The clinical settings in the above studies viz. sepsis, post-cardiac surgery in adults are high risk states for persistent AKI. On the contrary, in DKA, AKI mostly resolves. Also, the definitions of persistent AKI were quite variable. In this exploratory study, admission levels of uNGAL, uNCR, and the percentage of decline in both from admission to 24 h were found to be good predictors of persistent AKI in children with DKA. However, the positive predictive value (PPV) was low and negative predictive value (NPV) was high. Diagnostic accuracy, impact on patient-oriented outcomes and cost are the major determinants for any diagnostic test to be used in clinical practice; merely establishing a diagnosis may not translate to clinical benefit in all cases. Furthermore, given the low incidence of persistent AKI, routine use of uNGAL in a setting where majority of AKI resolves with hydration may be superfluous and not cost effective.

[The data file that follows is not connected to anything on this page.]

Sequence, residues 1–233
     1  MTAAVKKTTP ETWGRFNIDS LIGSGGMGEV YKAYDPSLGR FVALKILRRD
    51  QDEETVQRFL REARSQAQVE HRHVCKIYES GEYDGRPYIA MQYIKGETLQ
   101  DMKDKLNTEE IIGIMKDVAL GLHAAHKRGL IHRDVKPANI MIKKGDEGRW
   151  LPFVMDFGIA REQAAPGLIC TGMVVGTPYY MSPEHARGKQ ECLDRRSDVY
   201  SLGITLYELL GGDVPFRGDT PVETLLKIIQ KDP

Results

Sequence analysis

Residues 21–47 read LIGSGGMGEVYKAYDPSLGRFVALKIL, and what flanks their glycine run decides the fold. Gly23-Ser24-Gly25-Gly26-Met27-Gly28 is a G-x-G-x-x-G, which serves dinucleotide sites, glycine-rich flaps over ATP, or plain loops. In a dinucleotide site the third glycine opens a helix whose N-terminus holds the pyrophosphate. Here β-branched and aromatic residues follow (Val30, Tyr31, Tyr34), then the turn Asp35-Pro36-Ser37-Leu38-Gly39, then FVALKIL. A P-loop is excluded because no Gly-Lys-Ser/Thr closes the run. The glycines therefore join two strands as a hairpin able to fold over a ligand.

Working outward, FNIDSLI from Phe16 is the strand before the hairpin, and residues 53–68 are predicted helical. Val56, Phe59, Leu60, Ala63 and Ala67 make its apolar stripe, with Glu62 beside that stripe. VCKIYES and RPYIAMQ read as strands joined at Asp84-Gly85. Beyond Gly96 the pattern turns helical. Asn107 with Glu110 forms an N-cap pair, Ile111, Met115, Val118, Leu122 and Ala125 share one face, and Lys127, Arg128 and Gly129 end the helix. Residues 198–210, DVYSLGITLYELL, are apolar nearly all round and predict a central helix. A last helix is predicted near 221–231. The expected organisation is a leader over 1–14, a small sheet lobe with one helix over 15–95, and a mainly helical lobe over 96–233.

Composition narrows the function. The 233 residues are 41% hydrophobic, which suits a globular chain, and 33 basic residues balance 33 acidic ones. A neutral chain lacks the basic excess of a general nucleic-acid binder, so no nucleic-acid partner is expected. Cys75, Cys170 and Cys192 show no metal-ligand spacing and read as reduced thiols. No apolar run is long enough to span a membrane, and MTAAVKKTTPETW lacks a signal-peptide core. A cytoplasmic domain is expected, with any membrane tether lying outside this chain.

Strengths and limitations
This is the first study of its kind in DKA that has explored the utility of uNGAL for persistent AKI in children. However, there are important limitations to this study. First of all, it is a post hoc analysis of a single-center study with relatively low sample size. Secondly, the population of children with DKA evaluated in this study was younger and more severely ill than is typical in other studies of DKA. Finally, this being a cross sectional analysis, long term risk of progression to CKD and its relation to uNGAL could not be fully explored. Future multicenter prospective studies may confirm the utility of uNGAL as early predictive biomarker for persistent AKI in DKA.